Intimidating a witness bail amount
Mental health issues cover a range of conditions, including, but not restricted to, depression, anxiety, panic attacks, obsessive-compulsive disorder, phobias, schizophrenia, bipolar disorder (manic depression) and personality disorders.Within this phrase we include people who have a mental health diagnosis (who may or may not use mental health services) as well as people who have not been diagnosed clinically but consider themselves to have mental health needs.While it is difficult to represent yourself, there are many things you can do to give yourself the best opportunity to win your case.wiki How's mission is to help people learn, and we really hope this article helped you.For the purposes of the public policy statement and this Guidance the term 'people with mental health issues' is used. It combines the commonly recognised term 'mental health problems' with the preference of many people with mental ill health to avoid the use of the word 'problem' and substituting that word with 'issue/s'.Mental health issues are a very common part of life and one in four people will experience them at some point in their lives (Office for National Statistics (2001); Psychiatric Morbidity Report).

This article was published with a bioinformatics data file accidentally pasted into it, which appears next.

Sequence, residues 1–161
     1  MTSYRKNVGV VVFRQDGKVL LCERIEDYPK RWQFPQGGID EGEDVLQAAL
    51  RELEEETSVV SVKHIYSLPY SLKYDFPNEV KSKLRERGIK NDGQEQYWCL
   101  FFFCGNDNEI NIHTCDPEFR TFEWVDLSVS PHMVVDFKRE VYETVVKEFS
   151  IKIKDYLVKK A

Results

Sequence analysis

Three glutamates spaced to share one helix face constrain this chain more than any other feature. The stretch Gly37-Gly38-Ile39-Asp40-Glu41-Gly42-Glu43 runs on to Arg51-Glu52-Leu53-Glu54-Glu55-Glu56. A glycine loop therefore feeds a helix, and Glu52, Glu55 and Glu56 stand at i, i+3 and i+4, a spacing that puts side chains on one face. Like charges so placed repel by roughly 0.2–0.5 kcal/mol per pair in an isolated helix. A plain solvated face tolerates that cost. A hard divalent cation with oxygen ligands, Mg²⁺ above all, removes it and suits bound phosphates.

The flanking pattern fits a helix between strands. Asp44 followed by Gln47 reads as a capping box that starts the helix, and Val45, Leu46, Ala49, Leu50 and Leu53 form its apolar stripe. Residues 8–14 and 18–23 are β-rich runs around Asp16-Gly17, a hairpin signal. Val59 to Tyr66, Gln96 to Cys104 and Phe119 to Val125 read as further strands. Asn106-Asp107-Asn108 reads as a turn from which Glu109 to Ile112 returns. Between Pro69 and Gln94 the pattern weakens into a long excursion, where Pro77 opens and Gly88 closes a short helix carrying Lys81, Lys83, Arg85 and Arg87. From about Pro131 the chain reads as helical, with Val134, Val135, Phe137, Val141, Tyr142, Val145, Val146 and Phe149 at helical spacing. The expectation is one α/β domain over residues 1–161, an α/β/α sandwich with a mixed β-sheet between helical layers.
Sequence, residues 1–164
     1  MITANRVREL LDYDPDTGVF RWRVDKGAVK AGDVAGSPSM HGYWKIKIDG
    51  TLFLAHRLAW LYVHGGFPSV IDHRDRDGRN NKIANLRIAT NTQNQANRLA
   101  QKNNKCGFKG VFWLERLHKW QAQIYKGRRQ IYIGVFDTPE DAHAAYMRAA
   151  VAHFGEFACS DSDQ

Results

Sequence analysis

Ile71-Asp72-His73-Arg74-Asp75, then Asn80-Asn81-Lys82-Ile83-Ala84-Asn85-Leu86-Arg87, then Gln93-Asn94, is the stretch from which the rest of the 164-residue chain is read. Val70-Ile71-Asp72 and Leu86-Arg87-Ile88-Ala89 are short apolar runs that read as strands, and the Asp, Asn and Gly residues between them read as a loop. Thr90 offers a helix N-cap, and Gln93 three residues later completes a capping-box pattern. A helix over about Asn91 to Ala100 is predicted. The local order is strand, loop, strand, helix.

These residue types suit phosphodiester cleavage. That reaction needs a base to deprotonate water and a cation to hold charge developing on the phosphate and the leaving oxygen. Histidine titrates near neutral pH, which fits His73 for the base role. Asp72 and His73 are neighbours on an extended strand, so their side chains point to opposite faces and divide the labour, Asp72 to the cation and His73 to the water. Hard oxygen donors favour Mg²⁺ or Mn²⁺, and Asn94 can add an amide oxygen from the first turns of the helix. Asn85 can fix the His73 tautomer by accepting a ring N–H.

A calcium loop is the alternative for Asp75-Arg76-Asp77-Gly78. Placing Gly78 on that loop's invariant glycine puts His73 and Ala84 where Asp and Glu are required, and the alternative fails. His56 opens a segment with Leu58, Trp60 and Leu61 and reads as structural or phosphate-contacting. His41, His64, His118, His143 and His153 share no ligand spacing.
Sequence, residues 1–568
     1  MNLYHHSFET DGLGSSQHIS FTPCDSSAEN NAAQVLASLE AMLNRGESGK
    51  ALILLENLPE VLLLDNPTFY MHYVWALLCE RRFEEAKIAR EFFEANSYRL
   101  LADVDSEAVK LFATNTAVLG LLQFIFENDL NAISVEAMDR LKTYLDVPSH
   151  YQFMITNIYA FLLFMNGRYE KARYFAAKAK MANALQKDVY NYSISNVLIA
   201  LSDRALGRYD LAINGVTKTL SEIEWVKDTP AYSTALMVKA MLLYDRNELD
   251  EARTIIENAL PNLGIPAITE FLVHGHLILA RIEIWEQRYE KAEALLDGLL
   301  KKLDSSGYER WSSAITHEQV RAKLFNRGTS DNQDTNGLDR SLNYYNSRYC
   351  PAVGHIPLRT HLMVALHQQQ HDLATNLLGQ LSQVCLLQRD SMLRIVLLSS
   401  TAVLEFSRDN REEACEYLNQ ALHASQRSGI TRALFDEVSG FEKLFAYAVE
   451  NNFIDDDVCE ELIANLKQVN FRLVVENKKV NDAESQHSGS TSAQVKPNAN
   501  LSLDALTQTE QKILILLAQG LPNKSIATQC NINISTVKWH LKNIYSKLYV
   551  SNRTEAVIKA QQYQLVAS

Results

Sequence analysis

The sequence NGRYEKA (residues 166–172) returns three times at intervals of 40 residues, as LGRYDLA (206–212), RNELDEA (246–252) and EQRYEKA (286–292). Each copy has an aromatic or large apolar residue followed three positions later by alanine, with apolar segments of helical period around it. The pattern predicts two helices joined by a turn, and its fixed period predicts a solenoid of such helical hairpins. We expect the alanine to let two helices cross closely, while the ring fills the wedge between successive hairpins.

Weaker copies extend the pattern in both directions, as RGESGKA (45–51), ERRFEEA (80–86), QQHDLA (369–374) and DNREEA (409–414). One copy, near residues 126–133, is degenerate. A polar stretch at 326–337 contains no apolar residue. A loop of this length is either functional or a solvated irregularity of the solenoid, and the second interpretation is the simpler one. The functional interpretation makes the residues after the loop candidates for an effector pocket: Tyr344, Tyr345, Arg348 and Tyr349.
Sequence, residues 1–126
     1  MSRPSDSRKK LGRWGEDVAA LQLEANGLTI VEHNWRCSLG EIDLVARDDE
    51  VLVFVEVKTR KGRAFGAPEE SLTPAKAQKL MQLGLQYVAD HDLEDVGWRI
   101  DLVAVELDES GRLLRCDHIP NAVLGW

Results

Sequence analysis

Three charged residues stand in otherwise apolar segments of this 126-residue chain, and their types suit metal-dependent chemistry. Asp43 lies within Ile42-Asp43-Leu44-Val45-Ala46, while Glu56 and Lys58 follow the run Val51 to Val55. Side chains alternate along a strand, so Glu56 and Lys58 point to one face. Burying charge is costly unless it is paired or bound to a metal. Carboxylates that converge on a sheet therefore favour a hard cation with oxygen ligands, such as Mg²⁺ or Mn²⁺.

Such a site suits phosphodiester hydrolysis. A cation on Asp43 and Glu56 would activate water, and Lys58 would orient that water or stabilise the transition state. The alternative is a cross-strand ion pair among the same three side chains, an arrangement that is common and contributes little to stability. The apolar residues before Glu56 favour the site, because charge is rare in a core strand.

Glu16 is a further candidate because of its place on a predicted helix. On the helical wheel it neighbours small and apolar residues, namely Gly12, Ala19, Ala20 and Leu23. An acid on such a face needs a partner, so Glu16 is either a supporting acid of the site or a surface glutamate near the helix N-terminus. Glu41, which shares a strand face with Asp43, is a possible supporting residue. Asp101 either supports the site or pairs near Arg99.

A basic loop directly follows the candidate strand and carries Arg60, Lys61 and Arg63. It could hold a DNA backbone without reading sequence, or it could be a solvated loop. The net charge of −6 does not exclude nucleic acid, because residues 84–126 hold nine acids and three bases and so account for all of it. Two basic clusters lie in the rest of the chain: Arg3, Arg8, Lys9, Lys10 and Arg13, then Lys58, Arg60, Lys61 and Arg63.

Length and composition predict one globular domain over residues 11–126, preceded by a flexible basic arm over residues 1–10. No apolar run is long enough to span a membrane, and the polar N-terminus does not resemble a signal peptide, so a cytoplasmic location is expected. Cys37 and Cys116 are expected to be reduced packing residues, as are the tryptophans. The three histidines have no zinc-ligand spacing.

This guidance should be read in conjunction with the CPS public policy statements - 'Supporting Victims and Witnesses who have Mental Health Issues' and 'Supporting Victims and Witnesses who have Learning Disabilities'.
This is a much larger sub-group of the population and the term tends to be used in education circles.
The terms 'mental health issues' and 'learning disabilities' cover people with a wide range of experiences, conditions and support needs.
The World Health Organisation defines learning disabilities as '.
A learning disability may be mild, moderate or severe and affects the way someone learns and communicates.